It has been held in this state that if an employee receives an injury which is compensable under the Workers’ Compensation Act and as a result of pain and suffering from this injury he becomes so deranged that he commits suicide, the death is com-pensable under G.S. 97-38. Petty v. Transport, Inc., 276 N.C. 417, 173 S.E. 2d 321 (1970) and Thompson v. Transfer Co., 48 N.C. App. 47, 268 S.E. 2d 534 (1980). We believe under the holdings of these cases that if an employee receives an injury which is compensable and the injury causes her to become so emotionally disturbed that she is unable to work, she is entitled to compensation for total incapacity under G.S. 97-29.
In this case Dr. Ashby testified that the plaintiff was suffering from a severe neurotic depressive reaction which made her unable to work. In his opinion “there is a strong likelihood or probability that her depressive reaction is related to her injury and subsequent surgery” and he considered it a causal relationship. Deputy Commissioner Rush found as a fact that the “emotional condition of the plaintiff is directly related to and was caused by the back injury the plaintiff sustained on May 18, 1976.” We hold that the evidence supports this finding of fact, and the finding of fact supports the award of compensation to the plaintiff under the rule of Petty and Thompson.
The appellant contends that the Commission was in error for several reasons. It says first that in order for Mrs. Fayne’s depression to be compensable, it must be a compensable injury under some provision of the Workers’ Compensation Act. The defendant also contends that the depression was not an injury that occurred in the course of employment. See Bartlett v. Duke University, 284 N.C. 230, 200 S.E. 2d 193 (1973) for a discussion of accidents that occur in the course of employment. We believe that Petty and Thompson have answered both of these contentions adversely to the defendant. In order to reach the results of those *147two cases, the court in each case had to hold that an abnormal mental condition is compensable if it is caused by a compensable injury. The court in each case also had to hold that the injury occurred in the course of employment.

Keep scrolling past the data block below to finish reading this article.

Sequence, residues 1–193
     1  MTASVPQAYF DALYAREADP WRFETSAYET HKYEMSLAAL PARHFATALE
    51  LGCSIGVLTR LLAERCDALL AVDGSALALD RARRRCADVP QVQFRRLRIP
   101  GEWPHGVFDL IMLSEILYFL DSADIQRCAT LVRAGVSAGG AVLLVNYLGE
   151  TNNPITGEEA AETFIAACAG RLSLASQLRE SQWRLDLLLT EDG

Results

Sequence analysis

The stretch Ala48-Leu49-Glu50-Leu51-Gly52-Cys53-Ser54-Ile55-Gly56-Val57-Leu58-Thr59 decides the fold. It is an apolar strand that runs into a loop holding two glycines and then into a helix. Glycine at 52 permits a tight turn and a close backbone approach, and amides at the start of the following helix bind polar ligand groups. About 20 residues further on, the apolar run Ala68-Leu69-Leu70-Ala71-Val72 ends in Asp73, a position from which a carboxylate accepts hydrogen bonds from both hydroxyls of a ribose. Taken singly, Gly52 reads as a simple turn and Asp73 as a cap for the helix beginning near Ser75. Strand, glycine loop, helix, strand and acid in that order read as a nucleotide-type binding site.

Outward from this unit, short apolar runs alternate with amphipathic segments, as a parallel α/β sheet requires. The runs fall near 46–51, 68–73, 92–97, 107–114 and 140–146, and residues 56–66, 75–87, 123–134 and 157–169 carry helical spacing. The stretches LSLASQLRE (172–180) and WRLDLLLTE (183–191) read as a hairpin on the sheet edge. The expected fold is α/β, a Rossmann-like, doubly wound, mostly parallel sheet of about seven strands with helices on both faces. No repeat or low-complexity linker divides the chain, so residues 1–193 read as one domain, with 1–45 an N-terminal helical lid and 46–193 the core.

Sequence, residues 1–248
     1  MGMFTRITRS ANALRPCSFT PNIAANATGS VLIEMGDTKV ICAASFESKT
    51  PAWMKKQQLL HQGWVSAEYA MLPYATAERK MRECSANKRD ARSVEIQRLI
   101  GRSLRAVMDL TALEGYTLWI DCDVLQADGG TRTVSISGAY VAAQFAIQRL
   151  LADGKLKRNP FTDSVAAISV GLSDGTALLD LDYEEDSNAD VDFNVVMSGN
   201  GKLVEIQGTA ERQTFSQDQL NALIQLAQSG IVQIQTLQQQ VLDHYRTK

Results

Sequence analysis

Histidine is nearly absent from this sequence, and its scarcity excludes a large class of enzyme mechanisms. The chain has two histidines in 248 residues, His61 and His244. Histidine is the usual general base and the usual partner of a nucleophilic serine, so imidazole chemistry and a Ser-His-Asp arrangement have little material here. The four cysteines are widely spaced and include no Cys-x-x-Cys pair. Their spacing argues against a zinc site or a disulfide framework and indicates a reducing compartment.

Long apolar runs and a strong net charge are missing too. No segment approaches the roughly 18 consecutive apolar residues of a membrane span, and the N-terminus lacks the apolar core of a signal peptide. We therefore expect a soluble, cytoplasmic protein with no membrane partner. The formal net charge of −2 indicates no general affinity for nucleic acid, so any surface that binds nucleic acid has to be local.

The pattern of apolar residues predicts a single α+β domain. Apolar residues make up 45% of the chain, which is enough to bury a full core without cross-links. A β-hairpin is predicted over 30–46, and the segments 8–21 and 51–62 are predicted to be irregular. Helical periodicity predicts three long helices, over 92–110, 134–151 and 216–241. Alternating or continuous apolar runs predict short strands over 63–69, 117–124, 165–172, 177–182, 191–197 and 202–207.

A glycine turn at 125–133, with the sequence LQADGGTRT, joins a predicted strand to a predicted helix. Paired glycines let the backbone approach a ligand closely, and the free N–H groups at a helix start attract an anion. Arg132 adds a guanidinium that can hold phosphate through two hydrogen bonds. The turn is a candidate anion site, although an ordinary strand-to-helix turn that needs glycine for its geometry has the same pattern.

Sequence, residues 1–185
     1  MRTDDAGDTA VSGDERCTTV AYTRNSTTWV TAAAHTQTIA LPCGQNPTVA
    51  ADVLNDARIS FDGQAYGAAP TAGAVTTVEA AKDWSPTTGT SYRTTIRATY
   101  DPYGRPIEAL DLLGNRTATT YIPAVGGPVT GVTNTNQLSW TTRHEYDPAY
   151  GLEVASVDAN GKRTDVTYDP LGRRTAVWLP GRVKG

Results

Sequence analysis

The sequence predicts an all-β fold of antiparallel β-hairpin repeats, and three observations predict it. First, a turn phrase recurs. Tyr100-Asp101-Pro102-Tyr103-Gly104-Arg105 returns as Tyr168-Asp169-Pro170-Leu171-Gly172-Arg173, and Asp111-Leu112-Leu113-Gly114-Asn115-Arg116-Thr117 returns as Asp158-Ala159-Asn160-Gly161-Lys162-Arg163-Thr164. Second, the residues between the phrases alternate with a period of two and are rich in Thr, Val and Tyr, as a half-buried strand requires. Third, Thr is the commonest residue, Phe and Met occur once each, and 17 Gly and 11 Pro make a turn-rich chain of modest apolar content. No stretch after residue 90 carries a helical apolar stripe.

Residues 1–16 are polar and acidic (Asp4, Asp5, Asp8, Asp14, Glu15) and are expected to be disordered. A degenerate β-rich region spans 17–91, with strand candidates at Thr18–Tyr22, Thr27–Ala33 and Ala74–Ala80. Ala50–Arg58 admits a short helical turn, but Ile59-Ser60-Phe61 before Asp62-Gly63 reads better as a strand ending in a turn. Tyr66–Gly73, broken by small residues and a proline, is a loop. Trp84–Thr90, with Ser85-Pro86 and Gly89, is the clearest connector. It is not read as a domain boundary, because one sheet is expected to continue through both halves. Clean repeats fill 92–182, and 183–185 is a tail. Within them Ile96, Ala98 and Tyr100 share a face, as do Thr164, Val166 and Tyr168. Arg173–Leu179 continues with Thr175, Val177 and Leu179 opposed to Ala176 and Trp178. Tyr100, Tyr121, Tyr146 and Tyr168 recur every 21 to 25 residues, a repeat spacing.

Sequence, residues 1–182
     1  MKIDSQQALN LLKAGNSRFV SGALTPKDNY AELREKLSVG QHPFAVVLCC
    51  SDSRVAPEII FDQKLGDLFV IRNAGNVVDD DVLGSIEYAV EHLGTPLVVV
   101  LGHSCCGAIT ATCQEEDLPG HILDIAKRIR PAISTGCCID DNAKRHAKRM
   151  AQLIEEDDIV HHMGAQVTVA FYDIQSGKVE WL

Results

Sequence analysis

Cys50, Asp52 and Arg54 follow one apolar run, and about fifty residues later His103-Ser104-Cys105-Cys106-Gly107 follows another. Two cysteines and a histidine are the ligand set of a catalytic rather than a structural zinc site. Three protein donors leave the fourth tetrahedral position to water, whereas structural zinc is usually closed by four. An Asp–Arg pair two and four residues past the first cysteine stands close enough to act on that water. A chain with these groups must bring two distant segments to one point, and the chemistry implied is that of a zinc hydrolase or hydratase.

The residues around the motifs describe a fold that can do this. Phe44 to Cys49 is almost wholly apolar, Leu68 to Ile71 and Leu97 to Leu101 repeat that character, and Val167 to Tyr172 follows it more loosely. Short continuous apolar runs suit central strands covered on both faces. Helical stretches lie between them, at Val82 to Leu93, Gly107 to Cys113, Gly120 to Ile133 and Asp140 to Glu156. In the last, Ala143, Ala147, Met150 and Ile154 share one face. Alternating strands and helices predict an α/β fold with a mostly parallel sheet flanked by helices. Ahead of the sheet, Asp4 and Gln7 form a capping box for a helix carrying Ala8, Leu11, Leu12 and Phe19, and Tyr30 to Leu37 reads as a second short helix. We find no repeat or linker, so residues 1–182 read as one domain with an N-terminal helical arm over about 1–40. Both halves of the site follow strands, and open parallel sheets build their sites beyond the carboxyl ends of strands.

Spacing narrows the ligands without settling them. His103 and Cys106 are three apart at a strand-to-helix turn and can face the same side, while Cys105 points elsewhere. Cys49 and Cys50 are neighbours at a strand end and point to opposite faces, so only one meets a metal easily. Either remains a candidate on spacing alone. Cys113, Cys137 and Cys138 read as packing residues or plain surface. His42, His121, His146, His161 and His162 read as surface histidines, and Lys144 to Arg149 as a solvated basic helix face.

The defendant also contends that when a person seeks compensation for a mental disability there must be unequivocal medical testimony to establish the causal connection between the accident and the mental condition. In Petty the psychiatrist testified that in his opinion “the injury . . . could have contributed to the mental condition . . .” and “if Petty suffered great pain it could have contributed to an emotional condition such as depression, particularly if the pain was chronic and he saw no end or solution to it.” Our Supreme Court held this was sufficient evidence to support a finding of fact that the injury caused the mental derangement which caused the suicide. We believe the testimony of Dr. Ashby as to the causation of Mrs. Fayne’s mental condition by her injury meets the test of Petty.
The defendant also contends the plaintiff’s claim for mental distress is not compensable because the mental distress was not caused by pain and suffering but by her frustration in not recuperating from the operation. We do not believe this distinction makes a difference.
Judges Vaughn and Arnold concur.